Whether, or to what extent, a national Italian architecture arose
o ut of these beginnings can scarcely be determined, for in this
field Greek influence, even in the earliest times, had a very
powerful effect and almost wholly overgrew such national attempts
as possibly had preceded it. The very oldest Italian architecture
with which we are acquainted is not much less under the influence
of that of Greece than the architecture of the Augustan age.
primitive tombs of Caere and Alsium, and probably the oldest one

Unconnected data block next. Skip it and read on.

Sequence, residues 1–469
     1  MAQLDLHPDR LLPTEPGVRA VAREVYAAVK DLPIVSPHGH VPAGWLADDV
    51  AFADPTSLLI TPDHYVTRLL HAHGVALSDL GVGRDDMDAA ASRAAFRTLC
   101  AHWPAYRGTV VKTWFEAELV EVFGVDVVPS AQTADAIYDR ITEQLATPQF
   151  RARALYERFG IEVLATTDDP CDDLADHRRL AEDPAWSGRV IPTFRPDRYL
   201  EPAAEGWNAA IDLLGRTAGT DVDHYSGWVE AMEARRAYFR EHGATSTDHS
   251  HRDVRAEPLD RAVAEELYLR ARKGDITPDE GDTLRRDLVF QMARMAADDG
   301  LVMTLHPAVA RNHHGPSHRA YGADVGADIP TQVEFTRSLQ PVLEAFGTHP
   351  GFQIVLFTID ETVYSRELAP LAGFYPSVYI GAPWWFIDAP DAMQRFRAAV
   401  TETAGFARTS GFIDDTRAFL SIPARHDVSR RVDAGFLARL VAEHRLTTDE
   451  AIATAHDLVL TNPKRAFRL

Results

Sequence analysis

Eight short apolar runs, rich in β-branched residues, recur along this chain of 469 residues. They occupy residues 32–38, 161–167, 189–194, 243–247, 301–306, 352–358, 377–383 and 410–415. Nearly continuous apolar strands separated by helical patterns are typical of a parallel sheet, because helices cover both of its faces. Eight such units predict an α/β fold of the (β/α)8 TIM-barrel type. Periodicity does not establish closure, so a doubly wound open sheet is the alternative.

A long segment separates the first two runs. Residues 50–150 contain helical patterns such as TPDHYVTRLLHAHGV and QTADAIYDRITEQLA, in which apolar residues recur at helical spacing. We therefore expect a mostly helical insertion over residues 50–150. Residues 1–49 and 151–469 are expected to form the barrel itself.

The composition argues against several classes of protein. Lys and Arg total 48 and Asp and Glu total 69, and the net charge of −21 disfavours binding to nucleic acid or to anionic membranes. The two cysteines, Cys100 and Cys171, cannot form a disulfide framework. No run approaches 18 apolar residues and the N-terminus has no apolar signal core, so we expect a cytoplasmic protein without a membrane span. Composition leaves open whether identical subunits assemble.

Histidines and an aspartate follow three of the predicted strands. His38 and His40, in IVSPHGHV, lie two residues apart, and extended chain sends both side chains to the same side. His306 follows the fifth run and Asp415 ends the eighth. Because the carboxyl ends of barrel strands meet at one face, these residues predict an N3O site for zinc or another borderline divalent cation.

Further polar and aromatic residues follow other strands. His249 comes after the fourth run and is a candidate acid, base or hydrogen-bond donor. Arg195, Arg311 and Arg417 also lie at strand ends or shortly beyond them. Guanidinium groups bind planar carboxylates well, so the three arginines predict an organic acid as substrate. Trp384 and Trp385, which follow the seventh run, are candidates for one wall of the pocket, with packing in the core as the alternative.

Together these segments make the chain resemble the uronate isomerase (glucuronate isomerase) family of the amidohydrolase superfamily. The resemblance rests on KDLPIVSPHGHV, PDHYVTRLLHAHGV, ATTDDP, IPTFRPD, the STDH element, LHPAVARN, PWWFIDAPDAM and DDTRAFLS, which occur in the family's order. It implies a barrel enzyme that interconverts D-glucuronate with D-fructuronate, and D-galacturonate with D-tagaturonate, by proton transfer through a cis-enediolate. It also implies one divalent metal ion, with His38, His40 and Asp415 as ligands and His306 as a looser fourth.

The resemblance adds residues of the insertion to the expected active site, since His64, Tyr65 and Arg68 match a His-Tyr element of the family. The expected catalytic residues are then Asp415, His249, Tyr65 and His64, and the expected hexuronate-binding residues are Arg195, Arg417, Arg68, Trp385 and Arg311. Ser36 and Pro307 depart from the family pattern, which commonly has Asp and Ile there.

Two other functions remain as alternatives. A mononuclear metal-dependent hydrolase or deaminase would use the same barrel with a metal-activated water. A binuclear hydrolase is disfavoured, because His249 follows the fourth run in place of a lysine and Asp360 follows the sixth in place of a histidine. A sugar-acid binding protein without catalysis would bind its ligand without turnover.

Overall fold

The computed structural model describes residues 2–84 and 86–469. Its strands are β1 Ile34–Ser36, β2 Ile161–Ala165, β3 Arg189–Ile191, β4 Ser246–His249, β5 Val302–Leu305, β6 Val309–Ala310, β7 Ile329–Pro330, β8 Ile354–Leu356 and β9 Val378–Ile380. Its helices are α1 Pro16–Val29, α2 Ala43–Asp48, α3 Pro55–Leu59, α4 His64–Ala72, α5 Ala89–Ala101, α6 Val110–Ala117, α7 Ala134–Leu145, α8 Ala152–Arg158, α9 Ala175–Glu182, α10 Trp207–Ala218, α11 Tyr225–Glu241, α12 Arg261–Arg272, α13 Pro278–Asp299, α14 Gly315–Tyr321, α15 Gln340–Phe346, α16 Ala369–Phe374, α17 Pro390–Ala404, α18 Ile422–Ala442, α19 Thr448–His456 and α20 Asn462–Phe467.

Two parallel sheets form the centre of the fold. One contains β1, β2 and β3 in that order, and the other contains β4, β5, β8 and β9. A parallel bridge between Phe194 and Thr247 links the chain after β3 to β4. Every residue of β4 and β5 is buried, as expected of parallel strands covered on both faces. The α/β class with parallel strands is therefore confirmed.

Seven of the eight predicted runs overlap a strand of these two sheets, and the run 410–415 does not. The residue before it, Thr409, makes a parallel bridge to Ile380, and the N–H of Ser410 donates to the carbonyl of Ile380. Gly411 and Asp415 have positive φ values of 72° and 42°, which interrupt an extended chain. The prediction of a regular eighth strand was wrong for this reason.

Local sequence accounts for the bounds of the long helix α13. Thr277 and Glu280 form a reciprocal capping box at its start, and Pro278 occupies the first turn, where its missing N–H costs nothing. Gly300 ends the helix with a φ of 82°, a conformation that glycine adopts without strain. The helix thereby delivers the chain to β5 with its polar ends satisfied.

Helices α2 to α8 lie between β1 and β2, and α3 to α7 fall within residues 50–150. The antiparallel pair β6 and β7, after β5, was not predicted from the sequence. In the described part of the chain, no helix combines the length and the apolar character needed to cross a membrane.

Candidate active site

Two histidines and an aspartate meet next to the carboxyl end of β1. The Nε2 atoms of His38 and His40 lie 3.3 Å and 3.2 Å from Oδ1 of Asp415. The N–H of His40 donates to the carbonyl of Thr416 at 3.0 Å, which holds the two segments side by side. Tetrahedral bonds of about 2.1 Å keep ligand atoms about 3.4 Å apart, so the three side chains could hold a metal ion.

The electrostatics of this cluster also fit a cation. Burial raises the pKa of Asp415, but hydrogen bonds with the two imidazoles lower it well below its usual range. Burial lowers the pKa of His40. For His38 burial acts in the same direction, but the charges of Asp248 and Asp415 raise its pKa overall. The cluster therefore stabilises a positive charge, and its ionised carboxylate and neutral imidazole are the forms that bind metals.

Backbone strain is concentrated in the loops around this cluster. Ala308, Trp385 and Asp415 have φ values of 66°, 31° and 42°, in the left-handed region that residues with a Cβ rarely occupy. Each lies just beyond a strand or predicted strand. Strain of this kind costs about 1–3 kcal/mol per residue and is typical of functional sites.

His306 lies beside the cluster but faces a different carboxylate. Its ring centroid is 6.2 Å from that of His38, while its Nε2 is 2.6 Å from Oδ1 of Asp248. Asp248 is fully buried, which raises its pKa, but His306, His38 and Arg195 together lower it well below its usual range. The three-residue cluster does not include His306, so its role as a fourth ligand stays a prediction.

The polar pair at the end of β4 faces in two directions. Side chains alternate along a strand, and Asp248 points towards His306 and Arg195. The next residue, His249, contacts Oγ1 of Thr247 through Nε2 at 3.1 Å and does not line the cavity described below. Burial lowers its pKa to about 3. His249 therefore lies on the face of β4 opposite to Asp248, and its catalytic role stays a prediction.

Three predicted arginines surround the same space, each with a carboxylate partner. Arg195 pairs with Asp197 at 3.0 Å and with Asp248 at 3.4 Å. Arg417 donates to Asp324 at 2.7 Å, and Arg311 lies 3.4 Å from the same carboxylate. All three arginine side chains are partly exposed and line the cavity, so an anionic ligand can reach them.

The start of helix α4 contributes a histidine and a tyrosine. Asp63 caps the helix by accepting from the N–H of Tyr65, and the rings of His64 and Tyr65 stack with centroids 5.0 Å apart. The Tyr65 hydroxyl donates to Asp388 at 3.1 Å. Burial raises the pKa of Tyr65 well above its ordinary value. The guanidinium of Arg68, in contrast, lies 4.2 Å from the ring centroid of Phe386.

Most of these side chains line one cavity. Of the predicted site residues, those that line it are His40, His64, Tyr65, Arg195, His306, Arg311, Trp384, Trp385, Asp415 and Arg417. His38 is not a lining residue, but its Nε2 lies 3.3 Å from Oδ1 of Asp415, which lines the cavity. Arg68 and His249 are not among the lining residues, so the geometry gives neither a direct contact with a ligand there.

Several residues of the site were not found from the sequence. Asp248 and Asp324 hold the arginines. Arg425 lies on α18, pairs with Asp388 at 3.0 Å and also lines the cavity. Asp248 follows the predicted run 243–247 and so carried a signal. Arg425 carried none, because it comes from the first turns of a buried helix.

also of those recently discovered at Praeneste, have been, exactly
like the θησαυροί of Orchomenos and Mycenae, roofed over with
courses of stone placed one above another, gradually overlapping,
and closed by a large stone cover. A very ancient building at
the city wall of Tusculum was roofed in the same way, and so was
originally the well-house (-tullianum-) at the foot of the Capitol,
till the top was pulled down to make room for another building.
The gates constructed on the same system are entirely similar in
Arpinum and in Mycenae.